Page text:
Shuffle is for me a never-ending story. Last year I spent long weeks analyzing the readers and writers and was hoping for some rest in 2022. However, it didn't happen. My recent PySpark investigation led me to the shuffle.py file and my first reaction was "Oh, so PySpark has its own shuffle mechanism?". Let's check this out!
The topic of this blog post is not new because the discussed sort algorithms are there from Apache Spark 2. But it happens that I've never had a chance to present them and today I'll try to do it now.
It's time for the 2 of 3 parts dedicated to the shuffle configuration in Apache Spark.
Probably the most popular configuration entry related to the shuffle is the number of shuffle partitions. But it's not the only one and you will see it in this new blog post series!
It's time for the 2nd blog post about the shuffle readers. Recently, we discovered how Apache Spark fetches the shuffle blocks from local and remote hosts. Today, I would like to share with you the wrapping iterators. Sounds mysterious? It won't be if we start by looking at the iterators participating in the processing of shuffle block files.
So far I've covered the writing part of the shuffle files. You've learned about 3 different shuffle writers, but what happens with their generated files? Who and how reads them? Is the reading an in-memory operation? I will try to answer this and some other questions in this blog post.
It's the last part of the shuffle writers series. The picture so far composed of SortShuffleWriter and BypassMergeSortShuffleWriter, will be completed today with UnsafeShuffleWriter.
In the previous blog post we discovered the SortShuffleWriter. However, the SortShuffleManager's first choice is BypassMergeSortShuffleWriter, presented in this article.
In the beginning I thought that the mappers sent shuffle files to the reducers. After understanding that it was the opposite, I was thinking that a part of the shuffle data is kept in memory for the performance purposes... Once I corrected all these misbeliefs about shuffle, I noted a few points to explore. One of these points are shuffle writers that I will present in the next 3 blog posts.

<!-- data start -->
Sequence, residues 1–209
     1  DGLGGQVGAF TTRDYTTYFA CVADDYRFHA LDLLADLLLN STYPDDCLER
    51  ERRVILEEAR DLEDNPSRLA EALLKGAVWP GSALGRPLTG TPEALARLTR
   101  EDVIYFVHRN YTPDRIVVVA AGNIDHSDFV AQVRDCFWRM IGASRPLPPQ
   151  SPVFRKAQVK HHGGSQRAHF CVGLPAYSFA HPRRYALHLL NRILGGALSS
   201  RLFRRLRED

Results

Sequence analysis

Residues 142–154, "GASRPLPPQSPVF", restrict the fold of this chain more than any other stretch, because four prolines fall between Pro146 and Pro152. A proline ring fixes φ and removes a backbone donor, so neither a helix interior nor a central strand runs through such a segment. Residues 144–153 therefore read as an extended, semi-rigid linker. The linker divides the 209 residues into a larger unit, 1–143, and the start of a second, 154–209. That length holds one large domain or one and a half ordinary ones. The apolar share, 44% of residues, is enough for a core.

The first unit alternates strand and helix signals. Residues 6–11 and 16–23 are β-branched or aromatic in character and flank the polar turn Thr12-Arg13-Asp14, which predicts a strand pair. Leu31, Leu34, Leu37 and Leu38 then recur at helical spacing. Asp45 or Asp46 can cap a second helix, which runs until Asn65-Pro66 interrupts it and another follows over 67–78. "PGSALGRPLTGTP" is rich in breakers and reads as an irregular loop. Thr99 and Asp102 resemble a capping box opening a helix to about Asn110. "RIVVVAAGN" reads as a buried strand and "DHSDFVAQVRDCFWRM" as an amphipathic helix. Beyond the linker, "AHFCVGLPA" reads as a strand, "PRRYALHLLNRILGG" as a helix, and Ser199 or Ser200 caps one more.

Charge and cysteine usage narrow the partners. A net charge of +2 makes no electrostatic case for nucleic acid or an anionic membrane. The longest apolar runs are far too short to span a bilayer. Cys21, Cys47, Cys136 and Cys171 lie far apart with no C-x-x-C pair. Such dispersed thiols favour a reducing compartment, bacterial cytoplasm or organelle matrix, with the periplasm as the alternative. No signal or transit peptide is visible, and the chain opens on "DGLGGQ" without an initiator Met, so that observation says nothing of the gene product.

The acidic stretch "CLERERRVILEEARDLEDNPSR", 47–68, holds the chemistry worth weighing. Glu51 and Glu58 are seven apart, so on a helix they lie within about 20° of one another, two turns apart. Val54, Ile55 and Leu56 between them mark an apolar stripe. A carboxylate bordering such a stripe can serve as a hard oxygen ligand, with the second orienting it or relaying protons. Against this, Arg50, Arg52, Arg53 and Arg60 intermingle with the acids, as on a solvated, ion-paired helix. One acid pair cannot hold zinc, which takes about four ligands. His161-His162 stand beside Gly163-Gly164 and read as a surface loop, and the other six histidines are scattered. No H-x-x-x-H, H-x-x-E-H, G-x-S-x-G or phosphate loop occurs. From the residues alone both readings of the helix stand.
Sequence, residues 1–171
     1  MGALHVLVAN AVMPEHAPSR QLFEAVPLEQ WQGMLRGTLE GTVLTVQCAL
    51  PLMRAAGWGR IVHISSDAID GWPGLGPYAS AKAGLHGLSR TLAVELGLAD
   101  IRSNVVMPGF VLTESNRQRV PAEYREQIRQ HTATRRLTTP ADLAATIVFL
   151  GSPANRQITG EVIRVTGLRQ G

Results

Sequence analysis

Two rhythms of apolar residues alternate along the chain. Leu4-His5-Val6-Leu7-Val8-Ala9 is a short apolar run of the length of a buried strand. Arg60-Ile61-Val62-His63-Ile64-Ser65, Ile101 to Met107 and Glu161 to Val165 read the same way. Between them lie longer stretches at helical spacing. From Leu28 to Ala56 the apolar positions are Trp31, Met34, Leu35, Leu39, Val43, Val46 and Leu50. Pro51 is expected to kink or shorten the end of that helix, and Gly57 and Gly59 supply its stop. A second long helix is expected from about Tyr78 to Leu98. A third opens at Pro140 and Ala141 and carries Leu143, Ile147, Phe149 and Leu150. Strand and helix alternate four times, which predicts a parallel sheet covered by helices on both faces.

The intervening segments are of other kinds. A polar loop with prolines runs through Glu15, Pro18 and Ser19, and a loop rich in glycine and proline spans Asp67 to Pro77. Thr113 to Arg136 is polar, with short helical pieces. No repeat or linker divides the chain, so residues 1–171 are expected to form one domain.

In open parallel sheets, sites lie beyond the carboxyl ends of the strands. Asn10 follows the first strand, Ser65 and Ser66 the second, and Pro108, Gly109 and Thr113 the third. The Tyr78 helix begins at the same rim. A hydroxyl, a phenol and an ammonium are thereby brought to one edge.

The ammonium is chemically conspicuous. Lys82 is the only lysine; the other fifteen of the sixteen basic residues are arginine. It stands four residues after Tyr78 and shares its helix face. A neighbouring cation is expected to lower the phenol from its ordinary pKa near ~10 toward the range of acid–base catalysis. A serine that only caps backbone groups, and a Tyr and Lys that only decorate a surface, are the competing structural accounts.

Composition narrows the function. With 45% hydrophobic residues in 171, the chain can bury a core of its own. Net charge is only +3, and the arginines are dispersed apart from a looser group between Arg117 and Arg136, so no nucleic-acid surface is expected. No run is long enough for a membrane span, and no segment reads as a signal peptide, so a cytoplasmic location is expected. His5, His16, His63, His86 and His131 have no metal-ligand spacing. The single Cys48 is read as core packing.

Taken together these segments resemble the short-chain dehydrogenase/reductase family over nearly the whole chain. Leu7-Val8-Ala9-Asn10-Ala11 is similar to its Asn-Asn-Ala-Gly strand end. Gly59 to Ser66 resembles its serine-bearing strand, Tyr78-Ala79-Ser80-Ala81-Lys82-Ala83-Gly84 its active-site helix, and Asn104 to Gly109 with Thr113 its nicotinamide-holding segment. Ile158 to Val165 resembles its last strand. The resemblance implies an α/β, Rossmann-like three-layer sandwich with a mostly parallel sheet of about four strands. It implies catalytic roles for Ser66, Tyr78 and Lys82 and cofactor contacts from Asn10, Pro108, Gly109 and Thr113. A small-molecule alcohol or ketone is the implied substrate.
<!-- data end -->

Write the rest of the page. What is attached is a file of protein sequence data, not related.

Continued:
If you are a newcomer in the distributed world, someone certainly told you that shuffle is bad and will slow down your processing. But what does it mean? What happens when this infamous shuffle exists in your code? In this article you should find some answers for the shuffle in Apache Spark.
One of Apache Spark's components making it hard to scale is shuffle. Fortunately, the community is on a good way to overcome this limitation and the new release of the framework brings some important improvements on this field.
To scale Spark applications automatically we need to enable dynamic resource allocation. But to make it work we need another feature called external shuffle service that will be covered here.
Shuffle consists on moving data with the same key to the one executor in order to execute some specific processing on it. We could think that it concerns only *ByKey operations but it's not necessarily true.
This small post is the complement for previous article describing big lines of shuffle. It focuses more in details on writing part.
As already told in one of previous posts about Spark, shuffle is a process which moves data between nodes. It's orchestrated by a specific manager and it will be the topic of this post.